Apparently, Wikipedia recently invented a mythical account of Lincoln reading and being deeply moved by Darwin’s Origin of Species.
Were that true, one wonders what he would have thought of The Descent of Man, wherein Darwin advanced his view that black people were becoming a separate species and predicted that Lincoln’s key political problems would be solved by exterminations, as just the way things were. There would have been no point in being Lincoln if one believed that. But the story is, in any event, a Darwinian fiction, as political scientist John West explains (February 13) at Evolution News & Views,
In its entry on Lincoln and religion, Wikipedia claims:
William Herndon, Lincoln’s law partner, stated that Lincoln… had read and knew of Charles Darwin before most. Herndon says Darwin’s book “interested him greatly, and he was deeply impressed with the notion of the so-called ‘universal law’ — evolution….and he became a warm advocate of the new doctrine.”
If the person(s) who posted this account to Wikipedia had bothered to read the sources they were citing, they would see that they had mangled the facts. Herndon does indicate that he was a voracious reader of Darwin, Spencer, and a number of other writers, but he says that he “had little success in inducing Lincoln to read them. Occasionally he would snatch one up and peruse it for a little while, but he soon threw it down with the suggestion that it was entirely too heavy for an ordinary mind to digest.” (Herndon’s Life of Lincoln, p. 353) So while it is theoretically possible that Lincoln may have read a little bit of Darwin, there is no evidence that he did, and he certainly wasn’t “deeply impressed” by Darwin’s book. More.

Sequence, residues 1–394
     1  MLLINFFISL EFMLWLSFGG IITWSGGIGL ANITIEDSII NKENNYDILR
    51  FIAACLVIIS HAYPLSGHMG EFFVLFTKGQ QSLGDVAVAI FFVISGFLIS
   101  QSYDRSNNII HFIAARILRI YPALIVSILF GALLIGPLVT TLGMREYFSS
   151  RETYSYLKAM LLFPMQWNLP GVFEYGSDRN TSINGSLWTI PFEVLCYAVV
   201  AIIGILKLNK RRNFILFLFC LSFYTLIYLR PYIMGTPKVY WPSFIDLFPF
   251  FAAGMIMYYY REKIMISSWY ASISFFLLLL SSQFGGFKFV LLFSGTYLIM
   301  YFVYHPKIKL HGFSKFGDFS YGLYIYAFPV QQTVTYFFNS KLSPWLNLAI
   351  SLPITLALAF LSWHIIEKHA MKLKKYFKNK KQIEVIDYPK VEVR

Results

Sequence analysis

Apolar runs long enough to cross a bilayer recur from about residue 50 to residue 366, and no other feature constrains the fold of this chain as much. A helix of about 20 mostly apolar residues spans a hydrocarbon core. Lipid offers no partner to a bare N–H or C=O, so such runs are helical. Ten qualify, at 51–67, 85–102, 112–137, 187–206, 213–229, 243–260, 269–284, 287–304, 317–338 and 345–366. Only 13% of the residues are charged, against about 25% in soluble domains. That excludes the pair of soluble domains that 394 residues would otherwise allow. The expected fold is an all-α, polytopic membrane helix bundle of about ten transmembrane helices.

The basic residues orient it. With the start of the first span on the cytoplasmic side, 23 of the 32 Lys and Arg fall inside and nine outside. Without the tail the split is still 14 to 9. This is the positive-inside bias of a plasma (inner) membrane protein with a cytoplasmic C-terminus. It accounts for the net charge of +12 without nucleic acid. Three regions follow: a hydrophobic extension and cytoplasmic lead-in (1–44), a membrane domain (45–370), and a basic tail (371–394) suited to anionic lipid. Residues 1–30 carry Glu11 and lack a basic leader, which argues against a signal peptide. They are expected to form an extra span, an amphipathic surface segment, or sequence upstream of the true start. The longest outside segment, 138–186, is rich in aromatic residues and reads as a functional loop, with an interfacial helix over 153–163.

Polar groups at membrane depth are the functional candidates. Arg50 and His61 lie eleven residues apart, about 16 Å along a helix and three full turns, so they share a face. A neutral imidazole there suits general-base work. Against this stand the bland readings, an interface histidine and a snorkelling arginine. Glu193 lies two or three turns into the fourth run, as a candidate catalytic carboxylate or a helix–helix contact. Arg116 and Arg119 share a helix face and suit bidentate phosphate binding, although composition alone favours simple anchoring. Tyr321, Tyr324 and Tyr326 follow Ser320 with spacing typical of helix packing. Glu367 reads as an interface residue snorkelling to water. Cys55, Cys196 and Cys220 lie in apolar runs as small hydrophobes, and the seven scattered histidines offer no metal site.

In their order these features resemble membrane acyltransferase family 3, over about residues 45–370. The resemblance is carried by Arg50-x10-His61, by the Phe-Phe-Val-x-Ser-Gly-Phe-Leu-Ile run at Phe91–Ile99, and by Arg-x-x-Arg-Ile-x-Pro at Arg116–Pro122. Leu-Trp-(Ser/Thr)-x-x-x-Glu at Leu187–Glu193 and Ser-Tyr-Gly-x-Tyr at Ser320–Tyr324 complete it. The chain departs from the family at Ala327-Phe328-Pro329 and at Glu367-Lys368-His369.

Actually, and this should be no surprise, Darwin admired a different theory of evolution, far closer to Alfred Russel Wallace’s.
Evolution News & Views’s David Klinghoffer cautioned anyone trying to edit Wikipedia about the time they would waste trying to get basic errors corrected correctly.
So it is interesting to see that at February 17, 2014, 8:55 am EST, the account at read:
William Herndon, Lincoln’s law partner, stated that Lincoln admired deists Thomas Paine and Voltaire. Herndon, an advocate of Darwin’s, said Lincoln the works of authors like Darwin and Spencer “entirely too heavy for an ordinary mind to digest” but he read and was “interested … greatly” in a book expounding on these ideas, “Vestiges of Creation”, and he was “deeply impressed with the notion of the so-called ‘universal law’ — evolution… and he became a warm advocate of the new doctrine.”
The corrected account doesn’t quite make sense now, principally due to agreement and syntax errors. (But then you didn’t pay a lot to read it, did you?) The problem is with what’s left out: As regards the book Vestiges of Creation, West offers,
As I explained in more detail in an earlier post, there was a world of difference between the two books. Most importantly, Chambers offered a teleological version of evolution that was directed by intelligent design. He even gives a shout out to William Paley and his arguments for intelligent design.
So although Lincoln (on Herndon’s account) appears to have embraced evolution, it was evolution by intelligent design. Indeed, according to the person who originally loaned Chambers’s book to Lincoln, Lincoln believed that “in view of the Order and harmony of all nature which all beheld, it would have been More miraculouis to have Come about by chance, than to have been created and arranged by some great thinking power.” More.
So for now, you can read an account at Wikipedia that is deeply misleading on the main point at issue (Lincoln preferred design to Darwin). But now that Darwin Day is past, it is no longer blatantly false.
Isn’t it interesting that sociologist Steve Fuller, who writes about ID with an attempt to understand rather than vilify, wrote a play where Lincoln and Darwin met but neither he nor anyone else ever pretended it was anything other than imagination. You won’t get that kind of service from Darwin’s followers today.
Too much is at stake. They do not care what is true; quite the opposite, they have every motivation to suppress discussion as well as distort facts. As long as the masses believe, it is true enough for them. And after a while, no one remembers or needs the facts.
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